Gallery Boa constrictor constrictor

Boa constrictor constrictor

Common name of Boa c. constrictor ‘Red-tailed Boa’

Distribution area Bolivia, Brazil, Columbia, Ecuador, French Guyana, Guyana, Peru, Suriname, Trinidad and Tobago, Venezuela.

Estimated average length of mature female Boa c. constrictor Approximately 1.90 to 2.20 m (6.2 to 7.2 ft)

Taxonomic status Subspecies recognized by the CITES convention


Brazil
Suriname
Guyana
Peru
Trinidad and Tobago
Venezuela
Columbia

 

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Dorsal Scale Rows Ventral shields Caudal shields Number of saddle patches Extension of hemipenes as measured by subcaudals
81 – 95 (BOULENGER, 1893) 234 – 243 (BOULENGER, 1893) 49 – 60
(BOULENGER, 1893)
15-20 (BOULENGER, 1893) 27 (PRICE & RUSSO, 1991)
85 – 89 (STULL, 1932) 234 – 250 (STULL, 1932) 49-62 (STULL, 1932) 20-21 (LANGHAMMER, 1983)  
81 – 87  (LANGHAMMER, 1983) 227 – 248 (LANCINI & KORNACKER, 1989) 52-60 (LANCINI & KORNACKER, 1989) 16-20 (LANCINI & KORNACKER, 1989)  
91-95 (CHIPPAUX,1986)        
75 – 91 (LANCINI & KORNACKER, 1989)        

 

Boa c. constrictor is the variety of Boa constrictor which provided the basis for the original description of this taxon, the so-called nominate form. A list of the countries in which Boa c. constrictor occurs already demonstrates the huge range of this subspecies. Consequently, it is by no means astonishing that this subspecies, like Boa c. imperator, has developed an enormous variability.

We may suppose that our terrariums only present a very small portion of the color and pattern variations of Boa c. constrictor existing in the wild. Considering the speed at which the destruction of the Amazonian rainforest proceeds, the possibility of making substantial new discoveries before it is too late are rather gloomy.

Thanks to its usually bright red tail coloration, Boa c. constrictor enjoys considerable popularity in captivity. The friends of this species have coined the term ‘red-tailed boas’ to name it. The bat-shaped saddle patches (which are called ‘widows’ peaks’) considerably contribute to the popularity of this subspecies.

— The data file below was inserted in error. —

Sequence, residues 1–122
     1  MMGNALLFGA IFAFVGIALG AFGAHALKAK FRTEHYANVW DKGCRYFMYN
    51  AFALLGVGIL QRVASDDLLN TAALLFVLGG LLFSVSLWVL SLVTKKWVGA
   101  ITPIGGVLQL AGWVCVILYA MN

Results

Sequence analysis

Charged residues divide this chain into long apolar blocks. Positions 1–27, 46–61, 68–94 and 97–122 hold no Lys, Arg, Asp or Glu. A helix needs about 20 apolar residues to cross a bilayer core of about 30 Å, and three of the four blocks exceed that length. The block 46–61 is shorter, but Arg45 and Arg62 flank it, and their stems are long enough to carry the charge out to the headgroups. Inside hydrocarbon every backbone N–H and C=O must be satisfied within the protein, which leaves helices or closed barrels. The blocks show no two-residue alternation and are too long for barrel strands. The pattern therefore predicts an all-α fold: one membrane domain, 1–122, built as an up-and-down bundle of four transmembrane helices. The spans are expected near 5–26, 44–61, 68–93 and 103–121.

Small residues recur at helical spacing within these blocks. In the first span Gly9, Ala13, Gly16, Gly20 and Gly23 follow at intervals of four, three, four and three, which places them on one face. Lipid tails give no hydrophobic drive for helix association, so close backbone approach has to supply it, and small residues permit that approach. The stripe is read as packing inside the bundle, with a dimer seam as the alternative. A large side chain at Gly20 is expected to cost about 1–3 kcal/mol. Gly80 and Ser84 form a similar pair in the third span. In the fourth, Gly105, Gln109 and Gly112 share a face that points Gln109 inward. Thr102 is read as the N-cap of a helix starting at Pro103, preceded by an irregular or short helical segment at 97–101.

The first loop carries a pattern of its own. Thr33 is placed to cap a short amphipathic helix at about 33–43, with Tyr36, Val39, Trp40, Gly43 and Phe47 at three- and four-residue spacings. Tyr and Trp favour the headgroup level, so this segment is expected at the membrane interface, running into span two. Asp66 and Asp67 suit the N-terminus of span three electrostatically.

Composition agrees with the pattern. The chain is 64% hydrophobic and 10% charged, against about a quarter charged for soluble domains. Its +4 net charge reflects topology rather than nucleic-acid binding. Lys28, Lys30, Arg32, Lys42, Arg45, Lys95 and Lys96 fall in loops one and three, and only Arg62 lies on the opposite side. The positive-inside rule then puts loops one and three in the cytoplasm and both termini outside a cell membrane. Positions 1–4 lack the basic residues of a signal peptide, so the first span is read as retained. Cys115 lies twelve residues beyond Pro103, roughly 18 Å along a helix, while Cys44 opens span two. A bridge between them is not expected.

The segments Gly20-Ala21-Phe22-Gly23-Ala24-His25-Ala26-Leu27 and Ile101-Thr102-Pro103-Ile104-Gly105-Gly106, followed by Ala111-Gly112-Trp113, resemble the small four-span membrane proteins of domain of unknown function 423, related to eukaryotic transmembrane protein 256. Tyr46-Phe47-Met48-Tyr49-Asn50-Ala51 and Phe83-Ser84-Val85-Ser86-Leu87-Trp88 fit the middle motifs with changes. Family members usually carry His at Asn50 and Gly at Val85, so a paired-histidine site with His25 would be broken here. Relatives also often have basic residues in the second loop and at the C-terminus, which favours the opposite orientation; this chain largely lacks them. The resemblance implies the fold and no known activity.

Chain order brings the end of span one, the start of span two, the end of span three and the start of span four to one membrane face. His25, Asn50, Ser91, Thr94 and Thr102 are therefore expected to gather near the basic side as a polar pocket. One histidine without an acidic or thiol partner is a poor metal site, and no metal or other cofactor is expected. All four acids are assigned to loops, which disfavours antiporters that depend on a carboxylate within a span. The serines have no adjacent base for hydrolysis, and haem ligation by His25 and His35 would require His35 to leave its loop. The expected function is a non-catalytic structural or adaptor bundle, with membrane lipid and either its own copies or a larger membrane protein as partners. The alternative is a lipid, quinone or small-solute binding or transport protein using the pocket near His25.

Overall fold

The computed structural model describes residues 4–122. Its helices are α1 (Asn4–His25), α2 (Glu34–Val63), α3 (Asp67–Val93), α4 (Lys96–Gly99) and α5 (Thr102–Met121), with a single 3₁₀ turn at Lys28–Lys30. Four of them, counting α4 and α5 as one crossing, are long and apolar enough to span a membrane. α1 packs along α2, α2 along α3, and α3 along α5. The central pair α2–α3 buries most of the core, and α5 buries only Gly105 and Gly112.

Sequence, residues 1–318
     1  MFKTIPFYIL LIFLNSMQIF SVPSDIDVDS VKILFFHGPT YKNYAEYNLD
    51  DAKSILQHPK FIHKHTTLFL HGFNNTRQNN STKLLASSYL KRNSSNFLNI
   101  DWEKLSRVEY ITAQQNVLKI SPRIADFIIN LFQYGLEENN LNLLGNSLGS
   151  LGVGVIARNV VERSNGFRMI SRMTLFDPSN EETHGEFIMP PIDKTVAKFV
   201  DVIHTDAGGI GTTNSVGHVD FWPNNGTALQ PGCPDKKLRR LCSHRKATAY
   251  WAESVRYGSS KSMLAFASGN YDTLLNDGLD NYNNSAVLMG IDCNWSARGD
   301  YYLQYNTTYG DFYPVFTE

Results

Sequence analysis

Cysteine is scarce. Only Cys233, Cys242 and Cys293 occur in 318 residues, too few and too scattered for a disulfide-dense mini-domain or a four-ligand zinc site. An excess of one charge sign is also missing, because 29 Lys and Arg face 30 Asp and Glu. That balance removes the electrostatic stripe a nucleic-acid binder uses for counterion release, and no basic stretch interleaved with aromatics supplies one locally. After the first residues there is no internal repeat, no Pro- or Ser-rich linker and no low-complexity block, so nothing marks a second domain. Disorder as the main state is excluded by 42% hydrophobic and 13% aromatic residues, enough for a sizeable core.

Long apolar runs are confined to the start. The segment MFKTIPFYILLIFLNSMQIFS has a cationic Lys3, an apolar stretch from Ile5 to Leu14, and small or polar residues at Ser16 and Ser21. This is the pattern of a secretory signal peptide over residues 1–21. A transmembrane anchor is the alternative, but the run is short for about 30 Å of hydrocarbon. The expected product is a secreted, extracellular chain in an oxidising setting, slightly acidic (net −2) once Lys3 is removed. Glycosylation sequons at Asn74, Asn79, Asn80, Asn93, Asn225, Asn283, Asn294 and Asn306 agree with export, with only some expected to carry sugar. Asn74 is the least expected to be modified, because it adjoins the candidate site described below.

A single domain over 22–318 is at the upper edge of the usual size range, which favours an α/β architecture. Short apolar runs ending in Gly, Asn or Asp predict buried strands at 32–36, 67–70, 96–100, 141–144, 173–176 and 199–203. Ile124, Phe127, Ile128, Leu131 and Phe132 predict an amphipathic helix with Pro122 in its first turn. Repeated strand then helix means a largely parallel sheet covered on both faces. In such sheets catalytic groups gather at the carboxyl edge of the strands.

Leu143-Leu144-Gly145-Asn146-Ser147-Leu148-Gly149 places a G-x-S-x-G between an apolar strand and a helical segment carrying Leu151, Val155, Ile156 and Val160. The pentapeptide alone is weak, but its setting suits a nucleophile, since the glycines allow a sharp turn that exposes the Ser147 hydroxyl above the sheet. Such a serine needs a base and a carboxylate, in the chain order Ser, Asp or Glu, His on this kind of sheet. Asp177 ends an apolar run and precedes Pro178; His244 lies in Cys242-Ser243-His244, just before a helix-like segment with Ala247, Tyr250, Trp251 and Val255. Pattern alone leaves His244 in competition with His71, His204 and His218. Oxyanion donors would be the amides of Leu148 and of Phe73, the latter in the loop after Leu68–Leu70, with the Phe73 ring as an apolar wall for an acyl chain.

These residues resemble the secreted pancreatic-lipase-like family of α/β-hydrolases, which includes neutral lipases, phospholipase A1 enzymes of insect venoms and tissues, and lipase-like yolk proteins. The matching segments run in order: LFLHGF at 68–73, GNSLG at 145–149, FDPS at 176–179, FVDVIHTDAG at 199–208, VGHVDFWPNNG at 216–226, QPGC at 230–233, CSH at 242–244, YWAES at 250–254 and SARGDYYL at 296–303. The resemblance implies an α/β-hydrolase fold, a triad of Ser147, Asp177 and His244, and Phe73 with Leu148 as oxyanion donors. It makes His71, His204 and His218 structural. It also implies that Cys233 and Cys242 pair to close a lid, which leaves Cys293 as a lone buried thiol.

One thing must be qualified, however, as Boa c. constrictor from certain parts of the distribution area do not have red but brown or even dark brown tails.  The saddle patch pattern may vary as well. For example, Boa constrictors from Peru (and some animals from Suriname, too) may present saddle patches which are shaped like hourglasses.

The members of the nominate form most frequently kept in captivity originate from Suriname or from the Guyana states. Boa c. constrictor inhabiting these regions undoubtedly show the largest amount of red in their tails.

As far as that goes, it is not astonishing that the ‘Suriname’ and ‘Guyana redtails’ enjoy some kind of cult status among boa keepers.

In captivity boas remain smaller as in the wild. A redtail boa of 10 feet in length is a rarity in captivity (Average size of the females is about 7 ft. in length).

The most important signs of Boa c. constrictor are the bat-shaped, brown to dark-brown middorsal blotches ("widows-peaks"), yet  we saw also hour-glass shaped saddles on wildcaught Surinam redtails from the region around the village of Pokigron.